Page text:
Things I think: Surviving the treadmill
Exercise can be hazardous to your health. Like antipsychotics, its pursuit should include a black box warning that atypical, or even typical, fitness attempts carry increased risk of injury and embarrassment.
Personally, I favor a nationwide initiative to reduce its use, especially after hearing what happened to my friend Janet (not her real name, which is Brenda).
One moment, she was on a treadmill running full throttle, eyes ahead, focused. Then she was falling, flailing at the stop button, then clinging desperately to the handrails with knees bouncing on the still-spinning belt.
“It was a nightmare,” reported a compassionate friend and eyewitness. “I laugh out loud whenever I think about it.”
Eventually, Brenda accepted gravity's reality, belly flopping onto the demonic device before being propelled backward into a group of galley slaves on rowing machines. She left skid marks and a ghastly trail of skin behind her.
Since you work in long-term care, you'll probably have two reactions to this terrifying story. First would be, “That poor woman,” followed by, “Yep, I've had work days like that.”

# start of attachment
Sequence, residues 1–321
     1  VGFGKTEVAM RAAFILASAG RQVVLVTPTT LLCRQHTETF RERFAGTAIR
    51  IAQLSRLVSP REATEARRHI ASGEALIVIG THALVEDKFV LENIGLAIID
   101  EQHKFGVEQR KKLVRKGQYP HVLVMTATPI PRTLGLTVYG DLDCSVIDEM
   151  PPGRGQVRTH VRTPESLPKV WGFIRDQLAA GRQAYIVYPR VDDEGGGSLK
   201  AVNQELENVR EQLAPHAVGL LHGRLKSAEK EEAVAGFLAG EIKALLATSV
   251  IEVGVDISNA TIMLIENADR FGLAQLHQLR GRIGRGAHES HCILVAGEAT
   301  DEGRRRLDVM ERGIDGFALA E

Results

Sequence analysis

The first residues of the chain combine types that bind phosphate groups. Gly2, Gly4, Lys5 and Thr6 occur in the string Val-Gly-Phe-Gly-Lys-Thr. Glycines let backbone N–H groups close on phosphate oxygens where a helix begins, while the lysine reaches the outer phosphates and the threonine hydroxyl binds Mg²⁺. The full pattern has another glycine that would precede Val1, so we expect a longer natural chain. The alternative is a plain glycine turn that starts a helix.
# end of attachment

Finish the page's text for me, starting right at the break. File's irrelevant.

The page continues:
You know the ones, where the challenges spin fast and unrelenting, and you're navigating them successfully on autopilot at top velocity. Then one little thing goes sidewise, and your whole edifice of flawless efficiency comes crashing down. You ail and fall, perhaps brushing off a resident or exploding at a colleague, then slink away bruised, humiliated.
On days like that, treadmill disaster can be averted by staying present, watching your feet, and forcing yourself to step off some- times to remember what's important. Thankfully, the world now abounds with helpful reminder apps for preemptive acts as simple and proven-effective as standing, walking and breathing.
Just a few intentional choices of mind over maelstrom can help us each prevent a brutal fall — and maybe even survive the treadmill.
Things I Think is written by Gary Tetz, a national Silver Medalist and regional Gold Medal winner in Humor Writing in the 2014 American Society of Business Publication Editors (ASBPE) awards program.